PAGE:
Travis Buck, 23, is completing his first week as a big leaguer after making Oakland's Opening Day roster out of Spring Training. A 6-foot-2, 205-pound left-handed hitter from Richland, Wash., Buck batted .346 in the Minor Leagues in 2005. He was leading the Minors with 39 doubles through 84 games last year before a sports hernia ended his season. He recently answered some questions from As a first-year player, how are you enjoying your rookie season so far?

Buck: I'm absolutely having a lot of fun. I got to make my big-league debut in Washington at Safeco Field in Seattle, which is where I'm from. It was a great way to start what I hope is a long career. Since you're from that area, how many tickets did you have to get?

Buck: In terms of family, 15 tickets. In the ballpark, I had more than 100 friends. A lot of them have season tickets for the Mariners, so that helped me out quite a bit. When I took right field, a lot of them were out there and cheering me on. That helped calm me down quite a bit. You came up with your first hit during that series. Did that help you calm down even more?

Buck: It was good to get that first one out of the way during my first game. It came off of Felix Hernandez during my second at-bat. It was a double off the left-center-field wall. He probably pitched one of the better games he's ever pitched, so it was even better to get the hit against a guy of his caliber. Did you expect to make this team when you entered Spring Training?

Buck: They told me at the beginning of camp that I wasn't going to make the team. That helped take the pressure off. I was able to focus on going in there and opening up some eyes. I wanted to show the guys who make the decisions what exactly I could do. When some guys went down due to injury, and with me playing with no pressure and having a good Spring Training, it opened up the door and here I am. Once you made the team, what did the coaching staff tell you in terms of your role for this year?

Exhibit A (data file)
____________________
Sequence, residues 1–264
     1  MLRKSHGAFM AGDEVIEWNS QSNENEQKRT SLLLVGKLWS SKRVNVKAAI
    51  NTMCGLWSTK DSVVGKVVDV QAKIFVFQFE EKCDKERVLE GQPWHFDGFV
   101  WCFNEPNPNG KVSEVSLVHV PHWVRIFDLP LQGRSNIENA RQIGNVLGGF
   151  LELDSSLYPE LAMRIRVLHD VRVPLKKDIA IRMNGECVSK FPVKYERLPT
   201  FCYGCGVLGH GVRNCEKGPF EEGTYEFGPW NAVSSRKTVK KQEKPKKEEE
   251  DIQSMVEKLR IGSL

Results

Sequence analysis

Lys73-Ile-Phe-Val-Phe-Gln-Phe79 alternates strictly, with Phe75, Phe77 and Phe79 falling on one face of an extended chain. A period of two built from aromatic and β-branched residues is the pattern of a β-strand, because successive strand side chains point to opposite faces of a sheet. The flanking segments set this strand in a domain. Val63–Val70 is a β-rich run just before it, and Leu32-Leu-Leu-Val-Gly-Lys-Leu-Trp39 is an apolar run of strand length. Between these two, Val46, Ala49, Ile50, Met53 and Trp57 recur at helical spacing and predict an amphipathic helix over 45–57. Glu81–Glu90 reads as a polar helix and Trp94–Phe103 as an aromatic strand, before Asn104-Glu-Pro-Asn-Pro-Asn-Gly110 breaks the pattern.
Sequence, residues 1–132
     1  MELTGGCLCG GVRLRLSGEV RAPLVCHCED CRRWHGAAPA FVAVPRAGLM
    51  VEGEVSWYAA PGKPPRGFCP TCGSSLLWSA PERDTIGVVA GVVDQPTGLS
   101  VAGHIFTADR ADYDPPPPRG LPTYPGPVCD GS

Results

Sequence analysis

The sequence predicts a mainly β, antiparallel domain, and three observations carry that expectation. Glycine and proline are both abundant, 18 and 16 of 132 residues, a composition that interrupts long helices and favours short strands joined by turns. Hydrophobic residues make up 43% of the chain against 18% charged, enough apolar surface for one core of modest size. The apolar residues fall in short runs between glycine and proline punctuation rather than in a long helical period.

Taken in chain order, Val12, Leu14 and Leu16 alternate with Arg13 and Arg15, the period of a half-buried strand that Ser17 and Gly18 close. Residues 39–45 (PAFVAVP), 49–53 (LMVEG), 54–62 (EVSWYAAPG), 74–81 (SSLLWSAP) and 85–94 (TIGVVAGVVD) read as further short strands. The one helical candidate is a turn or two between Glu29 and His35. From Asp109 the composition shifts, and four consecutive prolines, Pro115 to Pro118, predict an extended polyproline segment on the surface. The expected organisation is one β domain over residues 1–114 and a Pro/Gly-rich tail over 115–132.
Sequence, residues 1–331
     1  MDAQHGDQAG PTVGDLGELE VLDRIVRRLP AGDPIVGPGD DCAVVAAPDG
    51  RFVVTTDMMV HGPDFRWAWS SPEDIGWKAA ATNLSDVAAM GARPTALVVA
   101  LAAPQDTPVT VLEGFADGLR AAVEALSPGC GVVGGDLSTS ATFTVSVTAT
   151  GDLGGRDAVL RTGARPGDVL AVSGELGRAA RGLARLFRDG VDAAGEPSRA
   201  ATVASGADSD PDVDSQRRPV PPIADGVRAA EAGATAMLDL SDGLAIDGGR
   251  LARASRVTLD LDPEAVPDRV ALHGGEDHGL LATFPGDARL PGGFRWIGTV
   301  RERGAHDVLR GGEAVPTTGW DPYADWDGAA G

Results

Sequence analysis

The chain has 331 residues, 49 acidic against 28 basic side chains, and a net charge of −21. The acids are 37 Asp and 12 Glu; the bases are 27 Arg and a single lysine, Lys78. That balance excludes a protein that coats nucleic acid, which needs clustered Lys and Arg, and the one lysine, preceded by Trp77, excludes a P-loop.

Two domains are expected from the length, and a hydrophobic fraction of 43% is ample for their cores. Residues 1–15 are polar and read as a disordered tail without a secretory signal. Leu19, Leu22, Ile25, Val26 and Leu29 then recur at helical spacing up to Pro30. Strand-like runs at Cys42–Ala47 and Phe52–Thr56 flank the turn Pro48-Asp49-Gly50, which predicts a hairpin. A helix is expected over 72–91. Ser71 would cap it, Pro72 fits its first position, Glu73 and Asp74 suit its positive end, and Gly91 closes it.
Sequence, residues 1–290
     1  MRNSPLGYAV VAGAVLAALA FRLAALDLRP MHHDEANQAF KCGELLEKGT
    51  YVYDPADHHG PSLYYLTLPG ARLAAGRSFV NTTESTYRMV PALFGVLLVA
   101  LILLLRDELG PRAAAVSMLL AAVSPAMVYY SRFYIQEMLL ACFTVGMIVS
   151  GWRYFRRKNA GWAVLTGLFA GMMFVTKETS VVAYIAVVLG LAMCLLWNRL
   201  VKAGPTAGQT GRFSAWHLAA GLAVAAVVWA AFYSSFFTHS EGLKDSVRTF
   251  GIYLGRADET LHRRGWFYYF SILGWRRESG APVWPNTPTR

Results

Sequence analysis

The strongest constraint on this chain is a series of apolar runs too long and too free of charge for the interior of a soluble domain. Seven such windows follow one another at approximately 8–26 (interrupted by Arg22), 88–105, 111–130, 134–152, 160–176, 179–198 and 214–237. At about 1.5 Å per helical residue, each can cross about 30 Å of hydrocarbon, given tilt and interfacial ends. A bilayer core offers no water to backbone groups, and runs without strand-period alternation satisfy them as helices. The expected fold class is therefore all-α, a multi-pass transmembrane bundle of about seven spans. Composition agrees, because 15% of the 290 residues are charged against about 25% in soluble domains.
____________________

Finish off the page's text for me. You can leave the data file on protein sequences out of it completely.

Buck: They told me that I would be playing every day. Fortunately for me, but unfortunately for some of the other guys on this team, we have had some injuries in the outfield. They thought I was ready, though, and they believed in me. At this level, that was very comforting. They expect me to play every day up here, and so do I. Your season last year in the Minors was cut short due to injury. What exactly happened to you and when?

Buck: It was frustrating. I ended up having surgery for a sports hernia in November. I actually got hurt in August. We had problems getting it diagnosed properly, and at the same time, we were trying to get me ready for the Fall League. Rehab wasn't working, and surgery was the last resort. I was worried that I wasn't going to be 100 percent healthy heading into the spring. Once I got out there, it was really nice to see where I was at. I had no lingering effects from the surgery and my offseason work really paid off. At least one person with the A's organization has compared you to Jason Giambi when he was coming up with this same organization. How does that make you feel?

Buck: Obviously, that is a special comparison and it means a lot that people think of me that highly. I've gone through the system, but my power had not really broken out until lately. It's a great comparison, but I won't try and go out there and live up to it. I won't dwell on it. I am who I am and I'm playing my game right now, which is gap-to-gap. If I hit a lot of doubles, the power will come. If I just get on base, I will be able to help the team. You have a lot of good-hitting teammates in Oakland. Do you talk to any one person in particular?

Buck: I talk to everybody. Everybody has taken time out for me from their day and they explain situations and hitting. It's really cool. I'm treated the same and they all believe in me. They know I can do it. Getting to know these guys has been really cool. I'm trying to learn as much as I can. Before turning pro, you played college baseball at Arizona State. What are some of your fondest memories from that program?

Buck: I wanted to play pro baseball coming out of high school. Everyone wants to do that. What worked out best for me, however, was going to college, and I could not have gone to a better program in terms of tradition. They have an unbelievable staff and they helped me be the person and player that I am today. The best moment came as a junior when we went to the College World Series and finished third. We came together and played as one. One of your teammates in college was current Dodgers outfielder Andre Ethier. Are you close with him?

Buck: He really took me under his wing my first year. I came in originally as an infielder before they threw me out in the outfield. We both swing from the left side and when he took me in the cage, I pretty much copied everything that he did. He is a great hitter and anything I could pick up, I looked to do that. We still talk to each other about once or twice a week. His success with the Dodgers is nothing new to me. I have seen him do it for years.